Russia’s “Super-Maneuverable” Aircraft On Way As Engineers Claim Developing Innovative Wing With Movable Skin

Russian design engineers have claimed a groundbreaking advancement in aerospace technology: an innovative wing with a movable skin that promises to create super-maneuverable aircraft. 

This innovative design is expected to revolutionize flight dynamics and aircraft performance, according to Izvestia. The key innovation lies in a specialized mechanism that allows the wing’s bearing surface to change shape while maintaining smoothness. This flexibility enables more precise control of flight modes. 

Ivan Amelyushkin, head of the Department of Aerophysics of multiphase flows, rarefied gases, and plasma at the Central Aerohydrodynamic Institute, detailed the mechanism: “The wing contains a chain of lever mechanisms connected and linked to the sheathing with special spokes. Altering the geometry of one chain link triggers corresponding changes in the others, creating a smooth curve in the wing surface. The angles between the lever mechanisms remain consistent, allowing the skin to bend without stretching or wrinkling.”

This innovative wing design will facilitate a range of flight maneuvers, enabling aircraft to reduce and increase speed efficiently and perform smooth takeoffs and landings. 

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“Our design integrates the wing, flaps, and ailerons into a single unit, combining fixed and movable parts. This geometry allows for effective placement of fuel tanks, drives, wiring, and other essential components, resulting in a lightweight, strong, and functional wing,” explained Oleg Druzhinin, a TsAGI (Central AeroHydrodynamic Institute) engineer and co-author of the development.

Russian design engineers have developed an aircraft wing with a movable skin. Credits: Ivan Amelyushkin

During the development phase, engineers constructed a full-size model of the wing and a demonstrator of one of its segments. Testing revealed that changing the curvature of the wing profile could alter the angle between the nose and tail segments of the mechanical chain by up to 80°.

One of the major challenges in aerospace engineering has been maintaining the aerodynamic properties of bearing surfaces with variable wing geometry. According to the researchers, this new design effectively addresses that issue. 

The proposed wing mechanism allows for better speed control during flight. It also enhances the ability to glide in atmospheric currents at speeds comparable to that of a car.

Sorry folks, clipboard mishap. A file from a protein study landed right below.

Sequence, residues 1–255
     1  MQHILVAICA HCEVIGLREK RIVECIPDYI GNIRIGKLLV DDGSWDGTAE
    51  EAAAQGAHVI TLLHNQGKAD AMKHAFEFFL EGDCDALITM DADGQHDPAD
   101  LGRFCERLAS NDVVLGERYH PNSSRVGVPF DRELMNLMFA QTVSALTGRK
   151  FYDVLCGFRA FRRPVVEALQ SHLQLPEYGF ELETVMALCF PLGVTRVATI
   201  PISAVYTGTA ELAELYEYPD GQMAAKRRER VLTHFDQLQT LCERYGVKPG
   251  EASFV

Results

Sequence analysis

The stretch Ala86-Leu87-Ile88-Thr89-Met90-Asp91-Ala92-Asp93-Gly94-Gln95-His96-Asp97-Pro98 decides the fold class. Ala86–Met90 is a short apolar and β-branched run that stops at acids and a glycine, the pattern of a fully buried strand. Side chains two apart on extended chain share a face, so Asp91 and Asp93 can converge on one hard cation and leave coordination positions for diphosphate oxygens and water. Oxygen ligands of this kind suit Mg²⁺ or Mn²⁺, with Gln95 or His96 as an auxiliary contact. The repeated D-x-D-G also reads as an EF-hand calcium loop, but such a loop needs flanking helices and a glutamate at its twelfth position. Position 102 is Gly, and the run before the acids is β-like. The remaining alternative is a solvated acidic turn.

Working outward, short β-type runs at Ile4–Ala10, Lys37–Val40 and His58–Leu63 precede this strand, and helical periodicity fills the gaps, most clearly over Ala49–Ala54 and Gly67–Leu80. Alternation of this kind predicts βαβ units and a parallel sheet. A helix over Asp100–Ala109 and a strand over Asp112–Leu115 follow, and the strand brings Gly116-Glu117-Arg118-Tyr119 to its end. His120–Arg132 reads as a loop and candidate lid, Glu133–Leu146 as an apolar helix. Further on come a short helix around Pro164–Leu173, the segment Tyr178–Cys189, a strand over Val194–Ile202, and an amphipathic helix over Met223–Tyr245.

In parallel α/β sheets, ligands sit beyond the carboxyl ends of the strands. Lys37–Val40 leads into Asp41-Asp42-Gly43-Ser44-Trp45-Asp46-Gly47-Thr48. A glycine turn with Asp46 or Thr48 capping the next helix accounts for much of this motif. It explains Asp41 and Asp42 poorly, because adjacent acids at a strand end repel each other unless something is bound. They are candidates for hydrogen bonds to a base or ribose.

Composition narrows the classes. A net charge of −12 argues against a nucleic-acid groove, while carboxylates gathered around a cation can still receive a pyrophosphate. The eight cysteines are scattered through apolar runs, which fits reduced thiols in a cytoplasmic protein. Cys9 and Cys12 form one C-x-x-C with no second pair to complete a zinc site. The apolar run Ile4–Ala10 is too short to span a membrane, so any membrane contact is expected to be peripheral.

Aircraft equipped with this mechanism can maneuver gracefully and achieve smooth takeoffs and landings. This revolutionary development in aircraft wing design holds the potential to significantly enhance the performance and versatility of both aerial and underwater vehicles. 

Image for representation

Potential Application and Challenges 

Despite its apparent simplicity, the wing is one of the most complex elements of any aircraft. It generates the primary lift, determines flight dynamics, and endures the highest loads. So, it is designed for specific operating conditions. 

Alexey Rogozin, Director of the Center for the Development of Transport Technologies, said, “The idea of altering the wing for different flight modes could theoretically enhance the aerodynamic characteristics of the airframe significantly.” 

The potential demand for this new invention depends on its reliability and safety. Initially, it needs to be tested on unmanned aircraft. If the design and mechanisms prove effective, they can be considered for manned aviation. 

According to the developers, these features could be valuable in various aerial tasks, such as spraying fertilizers over fields or conducting search operations. 

Another potential application is the creation of safe and cost-effective individual air mobility devices, like hang gliders. The device’s low speed would allow pilots to take off and land safely on their feet.

Credits: IZ

The versatility of this mechanism extends beyond aviation. The designers believe it could greatly benefit underwater gliders, which adjust their immersion level by altering their density. Movable skin wings would enable these gliders to perform complex underwater maneuvers.

Boris Berkovsky, an aircraft engineering expert and adviser to the director of the Faculty of Engineering at the National University of Mongolia, noted that while the proposed solution was intriguing, it was technically challenging to implement. It requires extensive developments in materials science and microelectronics, as well as comprehensive testing and fine-tuning. 

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In unmanned aviation, military needs are driving many developments, providing an opportunity for integration into this trend. However, as Oleg Panteleev, Executive Director of the Aviaport Agency, pointed out, many such inventions might be short-lived, only meeting immediate needs.

In manned aviation, proving the consistency and applicability of design solutions can take many years. Nonetheless, experience shows that new developments can be introduced quickly when necessary.

For instance, the Russian expert noted that saber-shaped wingtips designed for the Superjet-100 commercial aircraft five years ago are now part of its main import-substituted version.